Concerning global economic governance, "increased multilateralism can lead to increased congestion and contentiousness. The future of the G20, and the form of international cooperation that it represents, will depend on the ability of member nations to massage their differences, in order to strike a balance between the respective interests of the developed and developing worlds": (source - Global economic governance in transition, International Affairs, 3/86, May 2010, Page 617).
With respect to corporate financial governance, this relates to the behaviour of firms and their relationship with capital markets. Naked short-selling and its regulation (if desirable) is an important aspect of governance.
There are different groupings of growth economies: the BRICS - Brazil, Russia, India, China and South Africa; MIKT - Mexico, Indonesia, (South) Korea and Turkey; and the Next Eleven (N11) - Bangladesh, Egypt, Indonesia, Iran, Mexico, Nigeria, Pakistan, Philippines, South Korea, Turkey and Vietnam. These countries all have high potential to become the world's largest growing economies in the 21st century. (Goldman Sachs) criteria used to define them include macroeconomic stability, political maturity, openness of trade, investment policies and education quality, as well as country size and demographics. Critical to further global growth is completion of the Doha Round of world trade negotiations. Launched in November 2001 and named the Doha Development Agenda, this round of trade negotiations is broader than past global trade negotiations, and specifically targeted at addressing the needs of developing countries. The focus of negotiations has been on: reforming agricultural subsidies; improving access to global markets; and ensuring that new liberalisation in the global economy respects the need for sustainable economic growth in developing countries. Whilst the successful conclusion of the Doha negotiations would confirm the central role of multilateral liberalisation and rule-making, and confirm the WTO as a powerful shield against protectionist backsliding, the most recent round of negotiations, 23-29 July 2008, broke down after failing to reach a compromise on agricultural import rules. The EU's objectives for the Doha Round are: market access for the industrial goods sector; improvement to, and clarification of, the WTO rulebook on subsides that distort the production of industrial goods; and, for the agriculture sector, an agreement that reforms farm subsidy programmes throughout the rich world in line with the EU's wide-ranging 2003 reform of the Common Agricultural Policy.
The EU's relations with the Gulf Cooperation Council (Bahrain, Kuwait, Oman, Qatar, Saudi Arabia and United Arab Emirates), and the Council's own website, are given below.
The EU's relations with the world's (main) Hot Spots are outlined below.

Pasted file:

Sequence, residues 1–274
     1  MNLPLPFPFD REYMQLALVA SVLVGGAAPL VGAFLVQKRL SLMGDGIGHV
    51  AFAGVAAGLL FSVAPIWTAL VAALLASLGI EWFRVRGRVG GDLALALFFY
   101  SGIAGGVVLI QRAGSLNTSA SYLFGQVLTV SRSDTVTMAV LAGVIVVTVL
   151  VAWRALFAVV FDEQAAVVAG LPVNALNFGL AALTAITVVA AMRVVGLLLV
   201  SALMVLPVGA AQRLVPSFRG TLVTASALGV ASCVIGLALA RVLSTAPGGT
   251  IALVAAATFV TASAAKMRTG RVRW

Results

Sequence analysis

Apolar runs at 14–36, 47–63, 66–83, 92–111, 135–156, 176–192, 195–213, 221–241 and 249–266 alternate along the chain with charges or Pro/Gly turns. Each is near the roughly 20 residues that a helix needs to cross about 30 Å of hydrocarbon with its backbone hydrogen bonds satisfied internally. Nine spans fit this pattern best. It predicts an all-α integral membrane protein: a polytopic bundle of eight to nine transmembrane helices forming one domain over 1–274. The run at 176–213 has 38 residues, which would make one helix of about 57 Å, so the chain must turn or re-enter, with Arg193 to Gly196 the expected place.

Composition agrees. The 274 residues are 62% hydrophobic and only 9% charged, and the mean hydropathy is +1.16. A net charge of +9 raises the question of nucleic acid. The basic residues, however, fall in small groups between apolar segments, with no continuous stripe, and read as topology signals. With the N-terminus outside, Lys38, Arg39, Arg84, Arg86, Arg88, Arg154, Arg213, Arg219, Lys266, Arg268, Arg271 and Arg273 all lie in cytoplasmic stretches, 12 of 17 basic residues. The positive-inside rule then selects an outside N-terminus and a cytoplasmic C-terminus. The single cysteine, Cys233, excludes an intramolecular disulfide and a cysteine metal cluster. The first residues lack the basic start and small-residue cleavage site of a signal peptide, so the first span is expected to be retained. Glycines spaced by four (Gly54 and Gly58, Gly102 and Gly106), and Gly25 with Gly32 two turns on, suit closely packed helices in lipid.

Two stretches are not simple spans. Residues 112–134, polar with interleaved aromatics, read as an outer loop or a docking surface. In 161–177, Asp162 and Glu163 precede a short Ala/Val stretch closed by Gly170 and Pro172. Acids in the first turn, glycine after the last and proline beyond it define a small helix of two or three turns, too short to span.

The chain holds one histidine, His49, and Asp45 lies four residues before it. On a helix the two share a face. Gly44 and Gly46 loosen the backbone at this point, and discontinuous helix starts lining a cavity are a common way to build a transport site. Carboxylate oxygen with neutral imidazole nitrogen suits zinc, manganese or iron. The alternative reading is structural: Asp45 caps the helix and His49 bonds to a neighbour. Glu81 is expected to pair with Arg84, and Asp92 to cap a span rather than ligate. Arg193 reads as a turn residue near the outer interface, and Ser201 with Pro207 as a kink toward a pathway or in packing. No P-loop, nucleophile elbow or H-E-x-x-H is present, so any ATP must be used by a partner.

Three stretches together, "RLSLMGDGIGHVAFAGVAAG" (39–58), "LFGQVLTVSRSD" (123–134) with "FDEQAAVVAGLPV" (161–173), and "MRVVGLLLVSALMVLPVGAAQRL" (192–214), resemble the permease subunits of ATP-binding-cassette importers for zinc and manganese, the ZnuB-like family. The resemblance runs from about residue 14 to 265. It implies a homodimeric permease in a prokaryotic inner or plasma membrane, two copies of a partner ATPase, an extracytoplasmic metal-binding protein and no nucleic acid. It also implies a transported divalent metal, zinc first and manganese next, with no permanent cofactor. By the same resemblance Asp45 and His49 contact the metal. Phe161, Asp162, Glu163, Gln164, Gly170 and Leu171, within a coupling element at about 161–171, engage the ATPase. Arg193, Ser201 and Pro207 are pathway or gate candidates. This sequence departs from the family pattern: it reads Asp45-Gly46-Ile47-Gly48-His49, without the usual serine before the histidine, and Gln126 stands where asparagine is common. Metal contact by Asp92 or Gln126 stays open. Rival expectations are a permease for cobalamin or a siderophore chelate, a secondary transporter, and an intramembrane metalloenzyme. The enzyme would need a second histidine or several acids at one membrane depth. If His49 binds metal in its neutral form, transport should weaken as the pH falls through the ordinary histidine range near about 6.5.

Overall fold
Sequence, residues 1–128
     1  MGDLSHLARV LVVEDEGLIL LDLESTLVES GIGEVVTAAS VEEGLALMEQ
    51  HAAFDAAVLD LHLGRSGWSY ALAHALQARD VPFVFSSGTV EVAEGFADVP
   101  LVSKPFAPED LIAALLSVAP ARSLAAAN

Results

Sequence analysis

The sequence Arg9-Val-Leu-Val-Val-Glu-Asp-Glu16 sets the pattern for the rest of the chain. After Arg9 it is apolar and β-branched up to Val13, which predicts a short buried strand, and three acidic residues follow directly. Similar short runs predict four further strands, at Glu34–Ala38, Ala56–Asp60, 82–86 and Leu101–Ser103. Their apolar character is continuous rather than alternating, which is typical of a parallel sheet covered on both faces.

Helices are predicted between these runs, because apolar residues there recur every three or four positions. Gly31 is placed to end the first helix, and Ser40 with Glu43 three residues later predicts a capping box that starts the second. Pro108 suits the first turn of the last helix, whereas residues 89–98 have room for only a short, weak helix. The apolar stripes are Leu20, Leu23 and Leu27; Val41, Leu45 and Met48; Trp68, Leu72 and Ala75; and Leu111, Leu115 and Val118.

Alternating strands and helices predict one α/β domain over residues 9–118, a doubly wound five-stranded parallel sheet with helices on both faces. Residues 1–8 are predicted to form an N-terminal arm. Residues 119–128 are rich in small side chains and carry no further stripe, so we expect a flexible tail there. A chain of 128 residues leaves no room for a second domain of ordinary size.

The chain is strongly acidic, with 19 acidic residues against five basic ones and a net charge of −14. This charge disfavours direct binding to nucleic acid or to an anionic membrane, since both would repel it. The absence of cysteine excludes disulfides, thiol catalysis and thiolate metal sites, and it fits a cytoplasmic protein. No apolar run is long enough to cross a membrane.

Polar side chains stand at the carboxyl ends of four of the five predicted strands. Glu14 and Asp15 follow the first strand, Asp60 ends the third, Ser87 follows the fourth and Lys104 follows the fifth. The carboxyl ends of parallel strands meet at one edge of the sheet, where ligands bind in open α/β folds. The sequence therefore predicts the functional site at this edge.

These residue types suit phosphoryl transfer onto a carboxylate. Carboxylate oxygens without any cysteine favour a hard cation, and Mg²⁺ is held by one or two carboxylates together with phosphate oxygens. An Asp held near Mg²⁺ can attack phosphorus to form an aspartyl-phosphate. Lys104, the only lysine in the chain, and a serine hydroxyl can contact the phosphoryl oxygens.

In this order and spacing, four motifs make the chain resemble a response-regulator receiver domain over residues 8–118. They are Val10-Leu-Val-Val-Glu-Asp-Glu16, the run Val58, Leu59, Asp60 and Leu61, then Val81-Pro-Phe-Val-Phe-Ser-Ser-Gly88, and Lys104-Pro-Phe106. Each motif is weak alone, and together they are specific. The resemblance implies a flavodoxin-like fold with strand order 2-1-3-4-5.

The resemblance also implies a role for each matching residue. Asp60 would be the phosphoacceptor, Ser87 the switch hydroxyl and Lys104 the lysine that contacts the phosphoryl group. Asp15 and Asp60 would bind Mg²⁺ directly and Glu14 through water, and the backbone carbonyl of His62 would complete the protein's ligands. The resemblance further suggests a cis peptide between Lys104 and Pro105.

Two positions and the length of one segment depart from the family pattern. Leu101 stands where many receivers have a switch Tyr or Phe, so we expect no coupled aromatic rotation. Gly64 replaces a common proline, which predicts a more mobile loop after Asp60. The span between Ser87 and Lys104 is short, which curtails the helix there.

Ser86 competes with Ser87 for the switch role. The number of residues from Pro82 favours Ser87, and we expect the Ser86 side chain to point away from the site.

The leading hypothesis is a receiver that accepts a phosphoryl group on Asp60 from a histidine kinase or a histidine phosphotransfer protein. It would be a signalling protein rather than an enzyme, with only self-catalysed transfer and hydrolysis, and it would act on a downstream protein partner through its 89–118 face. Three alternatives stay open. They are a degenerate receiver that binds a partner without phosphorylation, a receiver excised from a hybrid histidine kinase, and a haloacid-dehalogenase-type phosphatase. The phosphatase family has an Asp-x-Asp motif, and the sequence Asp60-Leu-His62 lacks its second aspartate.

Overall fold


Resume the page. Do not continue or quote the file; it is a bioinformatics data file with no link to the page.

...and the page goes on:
There are also Hot Spot organisations that cross borders, such as al-Qaeda, the Taleban, Hamas, Hezbollah and the Muslim Brotherhood. Access to the websites of organisations such as these varies, but the material on them can be unpleasant, (if you can upload it). Further information can be found by searching the web under International Terrorist Entities.
The Jamestown Foundation offers an in-depth analysis on al-Qaeda and the war on terror.
An interesting research project being implemented by the Norwegian Defence Research Establishment is the Transnational Radical Islamism Project. This currently conducts the following thematic research:
- Radical Islamist networks on the European continent
- Islamist militancy in Saudi Arabia
- Islamist insurgent groups in Iraq and their external links
- The evolution of radical Islamism in Afghanistan and Pakistan
- Al-Qaida’s "Jihadi strategic studies"-literature and the al-Qaida strategist Abu Mus‘ab al-Suri
- Al-Qaida and Jihadi groups on the Internet
- CBRN-manuals on Jihadi websites
- Terrorist threats to critical infrastructure
- Databases and collection of primary sources on radical Islamism
Permanent high oil prices could weaken trade balances, add to inflation, put pressure on central banks to raise interest rates, and derail the global economic recovery. To offset supply disruption, oil can be released from emergency stocks, of which OECD countries hold 1.6bn barrels. Current prices are not yet near the all-time high of US$147.02 for Brent crude (July 2008). Any shortfall on global markets could be offset in principle by increased output from Saudi Arabia.
Credit Suisse has reported that annual world water use has risen sixfold during the past century, more than double the rate of population growth. By 2025, almost two-thirds of the global population will live in countries where water will be a scarce commodity. Some argue that the next World War will be fought over access to water. Asia looks vulnerable, with China possibly syphoning off Tibet's water supply to make up for shortages in the parched north. Elsewhere, the Israel-Palestine conflict is at least partly about securing supplies from the River Jordan. Similarly, water is a major feature of the strife in Sudan that has left Darfur devastated. Please see the following useful articles: